They aren't the Molinas or Uptons or Drews just yet, but if all goes according to plan, the Seagers might be the next set of baseball brothers to make an impact at the Major League level.
This summer, 21-year-old Justin Seager became the third family member drafted into pro baseball, and Monday night, the infielder showcased why Seattle thought he was worthy of a 12th-round selection.
Seager notched career highs with four hits and four RBIs in Class A Short-Season Everett's 11-10 loss to Salem-Keizer on Monday night. He doubled and scored a run.
The AquaSox infielder is the middle brother of Seattle third baseman Kyle Seager and Dodgers prospect Corey Seager. Kyle has been in the Major Leagues since 2011 and has already played in 323 games with the Mariners, while Corey, a 2012 first-round Draft pick (18th overall) was recently promoted to Class A Advanced Rancho Cucamonga after hitting .309 with a .918 OPS as a 19-year-old with Class A Great Lakes.
Justin is a UNC Charlotte product who was a 12th round Draft pick by the Mariners this summer. The team's director of scouting Tom McNamara told MLB.com shortly after the Draft that Justin was added mostly on merit.
"We didn't draft him because he's Kyle Seager's brother," he said.
Justin predominantly played first base in college, where he was named the Atlantic 10 Conference co-Player of the Year this summer. As a pro, he has split time between first and third base, playing third Monday.
Seager doubled in the first inning as Everett jumped to a 3-0 lead in the top of the frame. After singles by Jack Reinheimer and Bryan Brito, Seager ripped a line drive into center field. Reinheimer and Brito scored on the knock.
"I was looking for a fastball, a good fastball to hit," he said. "[Nick Vander Tuig] got behind on me, 2-0, and then he threw a good pitcher's pitch down and away for a called strike. I got to 3-1, and he laid me in a good one to hit. I saw it well and put a good swing on it."
After Salem-Keizer tied the game in the bottom of the first, Everett posted another three-spot in the second, with Seager plating Kyle Petty with a single to center for the last of those runs.
After popping out to second in the fourth, Seager picked up his third hit and fourth RBI in the sixth. After Reinheimer reached on a fielding error by first baseman Blake Miller and advanced to second on Brito's groundout, Seager drove him in with a line-drive base hit to right.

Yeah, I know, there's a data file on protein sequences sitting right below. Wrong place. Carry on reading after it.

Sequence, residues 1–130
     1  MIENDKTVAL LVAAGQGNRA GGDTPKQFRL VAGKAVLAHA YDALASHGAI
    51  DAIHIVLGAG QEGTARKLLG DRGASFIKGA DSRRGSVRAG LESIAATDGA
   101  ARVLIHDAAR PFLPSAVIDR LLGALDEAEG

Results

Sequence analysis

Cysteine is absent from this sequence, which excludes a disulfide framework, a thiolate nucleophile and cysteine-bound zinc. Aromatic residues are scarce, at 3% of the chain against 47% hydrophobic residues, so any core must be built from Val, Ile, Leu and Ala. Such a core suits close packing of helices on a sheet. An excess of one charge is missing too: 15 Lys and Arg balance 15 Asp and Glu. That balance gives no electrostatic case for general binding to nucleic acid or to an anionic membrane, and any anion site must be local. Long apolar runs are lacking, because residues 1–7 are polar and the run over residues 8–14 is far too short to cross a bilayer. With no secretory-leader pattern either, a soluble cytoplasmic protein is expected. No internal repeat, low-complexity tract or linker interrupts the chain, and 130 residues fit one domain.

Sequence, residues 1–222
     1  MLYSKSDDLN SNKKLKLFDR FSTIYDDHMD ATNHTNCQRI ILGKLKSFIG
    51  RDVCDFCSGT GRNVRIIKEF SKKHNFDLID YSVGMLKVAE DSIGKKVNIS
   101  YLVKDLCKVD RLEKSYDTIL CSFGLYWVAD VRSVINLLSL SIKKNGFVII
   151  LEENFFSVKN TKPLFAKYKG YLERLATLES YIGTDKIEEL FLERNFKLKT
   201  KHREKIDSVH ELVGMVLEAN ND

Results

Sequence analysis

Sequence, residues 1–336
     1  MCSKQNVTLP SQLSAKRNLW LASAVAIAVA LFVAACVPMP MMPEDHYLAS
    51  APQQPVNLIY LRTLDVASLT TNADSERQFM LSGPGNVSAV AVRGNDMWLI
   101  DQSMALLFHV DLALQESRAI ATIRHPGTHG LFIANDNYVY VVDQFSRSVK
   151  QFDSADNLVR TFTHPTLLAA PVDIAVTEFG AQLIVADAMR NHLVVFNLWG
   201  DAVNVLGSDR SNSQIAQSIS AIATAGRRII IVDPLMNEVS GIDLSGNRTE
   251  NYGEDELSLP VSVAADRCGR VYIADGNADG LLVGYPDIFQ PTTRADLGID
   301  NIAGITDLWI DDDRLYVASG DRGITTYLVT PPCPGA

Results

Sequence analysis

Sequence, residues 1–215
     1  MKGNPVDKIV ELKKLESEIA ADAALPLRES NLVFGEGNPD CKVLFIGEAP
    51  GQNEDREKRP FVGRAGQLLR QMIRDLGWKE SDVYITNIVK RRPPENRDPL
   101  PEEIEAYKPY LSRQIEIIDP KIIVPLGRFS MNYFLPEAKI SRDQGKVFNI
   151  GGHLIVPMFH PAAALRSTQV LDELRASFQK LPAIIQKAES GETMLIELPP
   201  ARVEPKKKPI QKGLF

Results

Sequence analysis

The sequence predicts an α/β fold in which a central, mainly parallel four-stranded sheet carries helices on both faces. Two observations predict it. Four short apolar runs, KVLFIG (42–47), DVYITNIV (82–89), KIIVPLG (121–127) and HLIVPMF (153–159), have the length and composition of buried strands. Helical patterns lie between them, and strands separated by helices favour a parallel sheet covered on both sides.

Seager also singled in the eighth as Everett scored a pair of runs for a 10-7 advantage.
The breakout raised Seager's average to .260 for the season. The 6-foot-1 right-handed hitter has three home runs, 10 doubles and 24 RBIs in 45 games.
Though Seager says brotherly advice was invaluable to him as he began his Minor League experience, he's learned much more in Everett. In particular, he's battled to maintain better consistency at the plate as he endures the rigors of daily baseball action.
"I feel like I'm starting to learn my swing better and learning how I play the game," he said, "which allows me to have a better plan when I go up to the box. When I stick to that plan, I feel like I can do pretty well."
Seager has had a chance to catch up with Kyle in person a few times since being drafted, and he also talks to Justin regularly. He said he's excited to catch up with his brothers to share notes and experiences in the offseason.
"I'm really looking forward to our time together, really looking forward to getting to work with them," he said. "There's a bunch they have to show me and I have stuff to show them. We all push each other. There's a reason why all three of us have been successful, especially Kyle. Where he is, he's there through hard work and a good work ethic."
Everett's 10-7 advantage after 7 ½ innings vanished in the bottom of the eighth when the Volcanoes put together a four-run frame keyed by a two-RBI double by Leonardo Rojas.